Review: Riders of Justice
by Marta Bałaga
- Anders Thomas Jensen's Mads Mikkelsen-starring Rotterdam opener is twisted, twisted fun
Anders Thomas Jensen, aka the man who gave Mads Mikkelsen a cleft lip in Men & Chicken [+see also:
film profile], to list only one of his many achievements, should really be celebrated much more. Mostly because his is the kind of humour that proves just how dark you can go, and in Riders of Justice [+see also:
interview: Anders Thomas Jensen
film profile], chosen as International Film Festival Rotterdam’s opening film, he perfects the art of first making you laugh out loud, and then making you apologise for it profusely. It must be a Danish thing.
Just giving an inkling of the synopsis here is already, we will admit, surprisingly pleasing, as here comes a story proving that once someone steals your bike for a girl in Estonia, all hell is bound to break loose. Jensen's take on the “butterfly effect”, where a small incident has a huge impact on the future, has Mikkelsen's professional soldier coming home to take care of his daughter after his wife is killed in a train accident. Or maybe, as proposed by some odd data analysts that suddenly come knocking on his door (Nikolaj Lie Kaas and Lars Brygmann), it wasn't an accident at all, because – in short – no one throws away €14 worth of sandwich and juice. Then there are frequent mentions of clubfoot, a guy called Emmenthaler and a claim that fat people look less fat when they are together. It must be what they call love at first viewing.
But while listing its many quirks would make for a perfectly fine pastime (just like with Quentin Dupieux's Mandibles [+see also:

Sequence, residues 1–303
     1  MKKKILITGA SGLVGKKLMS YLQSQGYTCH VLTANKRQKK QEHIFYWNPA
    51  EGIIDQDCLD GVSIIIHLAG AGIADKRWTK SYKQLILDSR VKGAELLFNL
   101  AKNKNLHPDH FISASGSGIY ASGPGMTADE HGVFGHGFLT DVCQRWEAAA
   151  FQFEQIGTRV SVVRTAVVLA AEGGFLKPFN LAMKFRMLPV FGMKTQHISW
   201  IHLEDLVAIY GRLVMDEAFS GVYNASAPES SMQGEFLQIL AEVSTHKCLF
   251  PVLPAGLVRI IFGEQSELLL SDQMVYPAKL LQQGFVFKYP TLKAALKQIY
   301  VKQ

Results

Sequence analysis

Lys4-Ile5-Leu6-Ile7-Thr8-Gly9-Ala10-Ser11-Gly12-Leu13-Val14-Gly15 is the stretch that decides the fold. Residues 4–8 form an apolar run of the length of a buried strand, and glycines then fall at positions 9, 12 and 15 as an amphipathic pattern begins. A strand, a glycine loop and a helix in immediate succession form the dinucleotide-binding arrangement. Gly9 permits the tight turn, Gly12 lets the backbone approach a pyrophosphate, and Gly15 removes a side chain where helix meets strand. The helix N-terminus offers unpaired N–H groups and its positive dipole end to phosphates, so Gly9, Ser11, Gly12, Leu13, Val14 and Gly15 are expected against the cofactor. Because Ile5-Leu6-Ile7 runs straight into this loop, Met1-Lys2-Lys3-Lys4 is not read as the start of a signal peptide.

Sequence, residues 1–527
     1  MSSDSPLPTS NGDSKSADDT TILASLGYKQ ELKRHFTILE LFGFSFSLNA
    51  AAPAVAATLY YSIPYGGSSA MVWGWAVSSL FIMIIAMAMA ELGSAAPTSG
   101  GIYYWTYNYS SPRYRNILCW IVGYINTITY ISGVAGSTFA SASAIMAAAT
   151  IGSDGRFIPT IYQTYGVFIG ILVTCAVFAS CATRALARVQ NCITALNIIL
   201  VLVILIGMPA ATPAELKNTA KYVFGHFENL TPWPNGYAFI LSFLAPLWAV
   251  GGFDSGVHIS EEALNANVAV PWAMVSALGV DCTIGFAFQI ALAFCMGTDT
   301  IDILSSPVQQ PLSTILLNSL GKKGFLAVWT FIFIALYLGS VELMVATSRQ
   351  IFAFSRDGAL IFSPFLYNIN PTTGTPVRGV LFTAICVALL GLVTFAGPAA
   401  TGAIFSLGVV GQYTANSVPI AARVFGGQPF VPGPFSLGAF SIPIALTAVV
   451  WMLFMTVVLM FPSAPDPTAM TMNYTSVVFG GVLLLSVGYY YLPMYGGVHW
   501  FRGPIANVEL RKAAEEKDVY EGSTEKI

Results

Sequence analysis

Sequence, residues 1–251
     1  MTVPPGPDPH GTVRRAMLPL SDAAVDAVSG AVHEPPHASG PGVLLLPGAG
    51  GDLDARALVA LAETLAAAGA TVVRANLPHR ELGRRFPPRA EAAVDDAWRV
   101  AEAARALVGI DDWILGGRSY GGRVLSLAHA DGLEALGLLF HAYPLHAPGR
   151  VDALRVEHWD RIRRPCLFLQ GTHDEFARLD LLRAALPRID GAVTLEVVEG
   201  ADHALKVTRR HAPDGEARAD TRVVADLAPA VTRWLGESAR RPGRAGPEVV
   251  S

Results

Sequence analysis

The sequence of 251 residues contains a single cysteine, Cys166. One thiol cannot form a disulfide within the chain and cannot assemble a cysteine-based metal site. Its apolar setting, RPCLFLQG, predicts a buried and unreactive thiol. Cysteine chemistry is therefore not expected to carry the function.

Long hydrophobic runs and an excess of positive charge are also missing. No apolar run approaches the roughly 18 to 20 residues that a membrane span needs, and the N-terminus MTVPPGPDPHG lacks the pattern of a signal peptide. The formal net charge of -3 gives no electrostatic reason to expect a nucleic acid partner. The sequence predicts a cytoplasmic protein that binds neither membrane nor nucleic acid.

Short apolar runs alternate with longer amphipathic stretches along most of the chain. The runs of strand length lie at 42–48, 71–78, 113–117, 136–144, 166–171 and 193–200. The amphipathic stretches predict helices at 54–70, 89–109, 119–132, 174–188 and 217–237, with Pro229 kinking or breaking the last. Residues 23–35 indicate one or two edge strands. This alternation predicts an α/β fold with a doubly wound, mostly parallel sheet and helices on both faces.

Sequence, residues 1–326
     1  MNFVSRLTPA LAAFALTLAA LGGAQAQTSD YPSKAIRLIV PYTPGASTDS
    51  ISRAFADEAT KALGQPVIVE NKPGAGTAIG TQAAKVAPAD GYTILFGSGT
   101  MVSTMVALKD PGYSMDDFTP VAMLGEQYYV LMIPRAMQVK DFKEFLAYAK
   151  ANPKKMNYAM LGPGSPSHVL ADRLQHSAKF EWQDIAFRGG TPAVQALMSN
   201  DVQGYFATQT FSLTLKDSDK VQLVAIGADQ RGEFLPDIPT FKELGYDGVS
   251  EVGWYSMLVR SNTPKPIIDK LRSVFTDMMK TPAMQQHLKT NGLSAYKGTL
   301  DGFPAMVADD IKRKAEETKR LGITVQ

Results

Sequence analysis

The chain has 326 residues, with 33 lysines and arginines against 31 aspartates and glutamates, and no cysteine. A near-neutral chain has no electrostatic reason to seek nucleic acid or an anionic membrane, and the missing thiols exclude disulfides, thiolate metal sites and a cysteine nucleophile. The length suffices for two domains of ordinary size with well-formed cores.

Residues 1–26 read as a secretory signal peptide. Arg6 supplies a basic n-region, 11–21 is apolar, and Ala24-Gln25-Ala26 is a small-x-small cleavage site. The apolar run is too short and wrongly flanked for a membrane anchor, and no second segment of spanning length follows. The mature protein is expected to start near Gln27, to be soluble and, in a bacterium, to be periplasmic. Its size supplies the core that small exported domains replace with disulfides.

interview: Quentin Dupieux
film profile], in this case “normal” is just an illusion), there is actually a lot of raw hurt in the film. There’s bottled-up trauma, grief and a complete lack of guidance when it comes to acknowledging them somehow, best exemplified by Mikkelsen's Markus: a guy with a bit of a temper problem and a troubling lack of awareness of his own strength, smashing through things and noses like a Scandi Hulk, or even awareness of his own child, as instead of helping her heal, he would rather ask if she still runs three times a week. Once the film settles into some sort of idiotic take on Ocean's Eleven, with the guys setting up shop and plotting revenge in a barn as big as an airport, it's still all about trying to find some meaning to what life throws at you, as the mere thought that everything is just a coincidence is far too terrifying to ponder for long.
The only proposed solution, then? Learning how to assemble a rifle, sure, but also staying together. It's funny how, for a filmmaker this peculiar, deep down, Jensen is just a big softie, delighting in showing odd people reaching out to each other in the only way they know how. “It might not be the same, but I loved playing the French horn,” goes one sympathetic statement after someone is visibly hurting, and while it might not be the same, it helps. Especially once you know how to assemble a rifle.
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